"I think that the NRA did not do a good job handling this," Ward told ABC News. "I've said before that I think they should have come out immediately and offered their condolences and just expressed that gun control is not going to fix this."
Ward said he would take the NRA's endorsement if offered,"but they haven't called me. Neither has the president, for that matter."
Nor is Ward a fan of gun ranter du jour Alex Jones, the conservative radio host who lashed out in a frenetic burst of pro-gun zeal at CNN host Piers Morgan and "the globalists" in a recent broadcast.
"I think he's spirited, but I don't think he does us any good," Ward said. "Some of what he said, if said in a rational way," would help the pro-gun movement in Ward's opinion.
Ward's coalition is chock full of fringe groups, but he hasn't turned any away. Among his backers, influential blog RedState and the aforementioned Revolution PAC have been joined by non-luminaries like What Bubba Knows, a website featuring (along with general news commentary) some anti-Palestinian .gifs, cartoons, and accusations of jihadism.
MSNBC's Zachary Roth reported that another sponsor, the Social Security Institute, has warned of one-world-government control. Ward defended that group, and its views, in an interview with ABC.
SSI believes "there are bills and there are laws, and the U.N. is moving very aggressively toward consolidating power, and I don't see that as a fringe issue," Ward said, referring to a U.N. arms treaty opposed by gun advocates.
"I don't think anyone's talking about Bildeberg meetings at SSI … I think there are things to be concerned about. .. I don't think there's a conspiracy, I think it's pretty overt," he said.
To gun-control advocates who find it offensive that anyone would celebrate guns in the wake of a mass shooting -- on the anniversary of MLK's shooting, two days before the president is inaugurated -- Ward says: "This wasn't in reaction to the shooting … President Obama, Rahm Emanuel, [New York Mayor Mike] Bloomberg, [California Sen.] Dianne Feinstein have all exploited the tragedy to advance their legislation to infringe upon the Second Amendment. We're reacting to that."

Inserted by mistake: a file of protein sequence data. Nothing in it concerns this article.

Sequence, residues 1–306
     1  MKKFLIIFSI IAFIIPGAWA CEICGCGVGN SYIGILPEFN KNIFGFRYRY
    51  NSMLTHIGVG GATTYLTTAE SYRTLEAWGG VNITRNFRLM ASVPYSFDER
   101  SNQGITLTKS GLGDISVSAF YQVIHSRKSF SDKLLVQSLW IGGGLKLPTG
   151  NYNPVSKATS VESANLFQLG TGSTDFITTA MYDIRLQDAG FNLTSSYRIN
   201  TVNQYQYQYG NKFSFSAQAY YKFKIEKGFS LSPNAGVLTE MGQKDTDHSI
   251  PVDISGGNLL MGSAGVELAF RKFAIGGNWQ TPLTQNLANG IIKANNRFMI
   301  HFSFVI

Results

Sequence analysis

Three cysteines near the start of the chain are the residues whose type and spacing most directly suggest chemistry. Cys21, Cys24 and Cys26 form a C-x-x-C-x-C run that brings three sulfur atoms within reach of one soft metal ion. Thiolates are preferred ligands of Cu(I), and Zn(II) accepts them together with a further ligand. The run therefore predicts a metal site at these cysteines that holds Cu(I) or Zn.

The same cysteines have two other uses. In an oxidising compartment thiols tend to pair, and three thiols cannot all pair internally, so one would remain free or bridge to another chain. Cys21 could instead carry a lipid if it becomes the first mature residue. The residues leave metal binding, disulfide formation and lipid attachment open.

Ward says he intended to hold the day before Feinstein could introduce a gun-control bill, which Ward believed would happen in January.
"It didn't necessarily hurt that it was two days before inauguration. I don't mind poking the bear occasionally," he said.
The Newtown shooting has spurred calls for some kind of action from lawmakers like Rep. Jason Chaffetz, a self-identified gun advocate who nonetheless suggested examining mental health systems in a post-Newtown apearance on ABC's "This Week."
Ward disagrees that mental-health reporting to the national background-check system, one proposal that's been floated, is the answer.
"We should not, at any point in our country, take away someone's constitutional right because they're sick," Ward said. "People go through things all the time -- people have bad marriages, they seek counseling, some people have seasonal affective disorder ... until somebody acts and commits a crime, their Second Amendment rights shouldn't be taken away."
As a libertarian, those kinds of controls seek to irk Ward.
"We don't live in 'Minority Report," he said, referring to the 2002 science fiction film. "There is no 'pre-crime' here."
His main point is that gun-control laws aren't the answer.
"We have 20,000-plus laws on the books right now for guns in this country. Those laws failed in Virginia Tech, they failed in Aurora, they failed in Newtown, and the truth is criminals don't follow laws," Ward said.
His message is the same today as it was when he confronted the anti-NRA protesters soon after Newtown.
"The answer is simple," he said. "For a school, we need to arm the teachers, we need to arm the principals."